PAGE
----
However, one of the striking things about the Work Programme, given its size and remit, is the lack of publicly available performance data. This seems to run counter to what the Government has said about the importance of open data, transparency and now open policy. For example, the Government’s Open Public Services White Paper states that ‘Provides of public services from all sectors will need to publish information on performance and user satisfaction’ – yet the same emphasis isn’t always apparent when it comes to this flagship Government programme.

Effective transparent scrutiny of the Work Programme is difficult because providers are not able to share data about what is working and what isn’t. They are required to sign comprehensive contracts, which prevent them from sharing performance data unless it is already in the public domain. Provides face serious consequences if they flout these rules especially if they generate ‘adverse publicity’ for the programme. Nonetheless, some data have trickled out, and the first analysis of performance was released by the Department for Work and Pensions earlier in the summer. This followed a data set released by trade body ERSA in May. ERSA and the Department estimate that one in four people are going into work after being attached to the programme for six months.

The Government has argued that there are complications in releasing timely data about the Work Programme, both because it is new and because there are customers coming onto the programme all of the time, which can distort the overall impression regarding its performance. The Minister responsible, Chris Graying, in evidence to the Work and Pensions Select Committee in March this year argued that his Department is publishing data about the Work Programme in accordance with Office of National Statistics guidelines covering both what, when and how statistics are published. However, a careful reading of his evidence  might suggest that the ONS rules don’t actually prevent DWP from releasing Work Programme performance data – in other words, that the Department has more room for maneuver than the Minister appears to suggest. We’d be happy to be corrected on this interpretation – if someone from DWP or indeed ONS wants or is allowed to get in touch.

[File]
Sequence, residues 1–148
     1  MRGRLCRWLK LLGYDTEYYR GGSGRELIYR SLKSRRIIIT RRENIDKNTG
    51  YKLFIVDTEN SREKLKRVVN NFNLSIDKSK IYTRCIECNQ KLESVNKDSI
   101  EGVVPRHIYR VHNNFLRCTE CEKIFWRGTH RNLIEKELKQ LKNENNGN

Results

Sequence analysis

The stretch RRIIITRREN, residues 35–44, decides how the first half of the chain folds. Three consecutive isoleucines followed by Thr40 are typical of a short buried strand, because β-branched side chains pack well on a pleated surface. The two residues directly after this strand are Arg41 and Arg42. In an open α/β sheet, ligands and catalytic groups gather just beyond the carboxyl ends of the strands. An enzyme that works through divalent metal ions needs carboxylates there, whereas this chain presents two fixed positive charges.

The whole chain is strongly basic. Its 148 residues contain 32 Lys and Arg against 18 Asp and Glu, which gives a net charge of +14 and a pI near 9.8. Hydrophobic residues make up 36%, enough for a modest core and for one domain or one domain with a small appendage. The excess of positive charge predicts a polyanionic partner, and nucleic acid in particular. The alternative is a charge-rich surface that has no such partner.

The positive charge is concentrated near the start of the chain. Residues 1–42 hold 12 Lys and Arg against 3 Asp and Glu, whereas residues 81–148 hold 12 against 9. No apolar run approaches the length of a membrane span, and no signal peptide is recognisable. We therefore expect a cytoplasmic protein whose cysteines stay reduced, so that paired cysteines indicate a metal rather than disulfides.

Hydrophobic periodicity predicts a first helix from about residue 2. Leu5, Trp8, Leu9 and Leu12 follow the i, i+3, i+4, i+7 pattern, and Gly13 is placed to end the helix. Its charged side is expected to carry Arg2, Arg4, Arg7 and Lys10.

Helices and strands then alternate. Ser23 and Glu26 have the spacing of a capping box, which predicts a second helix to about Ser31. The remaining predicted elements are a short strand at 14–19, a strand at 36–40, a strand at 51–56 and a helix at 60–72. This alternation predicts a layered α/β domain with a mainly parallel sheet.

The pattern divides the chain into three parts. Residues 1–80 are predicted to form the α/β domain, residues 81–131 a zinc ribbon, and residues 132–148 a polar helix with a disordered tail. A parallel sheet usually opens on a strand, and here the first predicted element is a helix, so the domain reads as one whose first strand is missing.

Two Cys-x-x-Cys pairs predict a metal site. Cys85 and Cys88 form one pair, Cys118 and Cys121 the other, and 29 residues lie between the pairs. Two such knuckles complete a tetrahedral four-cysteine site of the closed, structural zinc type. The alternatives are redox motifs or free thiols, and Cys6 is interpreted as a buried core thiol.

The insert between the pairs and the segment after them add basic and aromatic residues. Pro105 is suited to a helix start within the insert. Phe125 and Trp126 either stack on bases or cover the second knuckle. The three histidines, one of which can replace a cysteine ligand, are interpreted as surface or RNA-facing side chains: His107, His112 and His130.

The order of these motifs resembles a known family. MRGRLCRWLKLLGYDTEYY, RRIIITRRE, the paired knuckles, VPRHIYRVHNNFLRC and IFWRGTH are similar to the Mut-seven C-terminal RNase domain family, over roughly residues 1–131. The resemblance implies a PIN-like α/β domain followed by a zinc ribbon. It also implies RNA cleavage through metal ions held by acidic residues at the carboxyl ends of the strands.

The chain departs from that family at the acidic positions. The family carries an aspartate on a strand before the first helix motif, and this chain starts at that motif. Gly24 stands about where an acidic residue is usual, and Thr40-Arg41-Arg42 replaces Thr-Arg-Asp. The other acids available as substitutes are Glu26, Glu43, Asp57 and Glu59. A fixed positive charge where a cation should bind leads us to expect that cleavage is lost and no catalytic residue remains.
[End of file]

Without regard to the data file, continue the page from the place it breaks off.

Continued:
What is certainly true is that it is still very difficult, a year into the Work Programme, to build an accurate picture of whether the policy is in any way on course to deliver against its original objectives. This vacuum of information is creating a lot of unease about the policy. It has been left to the likes of the National Audit Office and the Social Market Foundation to fill the gap – much to the chagrin of the Government. A report from the NAO earlier this year stated that the Government’s assumptions about the Work Programme were over-ambitious, and that only 26% of job seekers would secure work compared to the Department’s target of 40%.

Given the scale of investment in this programme, both political and financial, it is unsurprising that there is so much interest in this policy – and so many demands for more openness and transparency. There are legitimate questions to be answered as to whether the Work Programme is working in the way it was intended. A number of charities have pulled out of the programme whilst others have gone bust because of the financial constraints of the payment by results model used in the programme. St Mungo’s, a well-respected charity is the latest example to pull out after failing to receive any referrals. The NCVO has also raised a number of concerns from their members about how the programme is being implemented. Given this level of public interest and concern, lack of transparency becomes counter-productive – rather than reducing possibly inaccurate comment and analysis, it only serves to increase it.

The Work Programme points to a real tension between the Government’s open policy and open public services agendas. The Government wants to create a vibrant and efficient market of providers for outsourced public services. It also says it wants the performance of providers to be transparent and open to public scrutiny. But if other, equally important areas of provision such as reducing re-offending, public health, skills, and drug and alcohol recovery employ the Work Programme model, this suggests that open policy in public services will be severely limited, and that the public will know less than they should about what their money is funding and what the results are.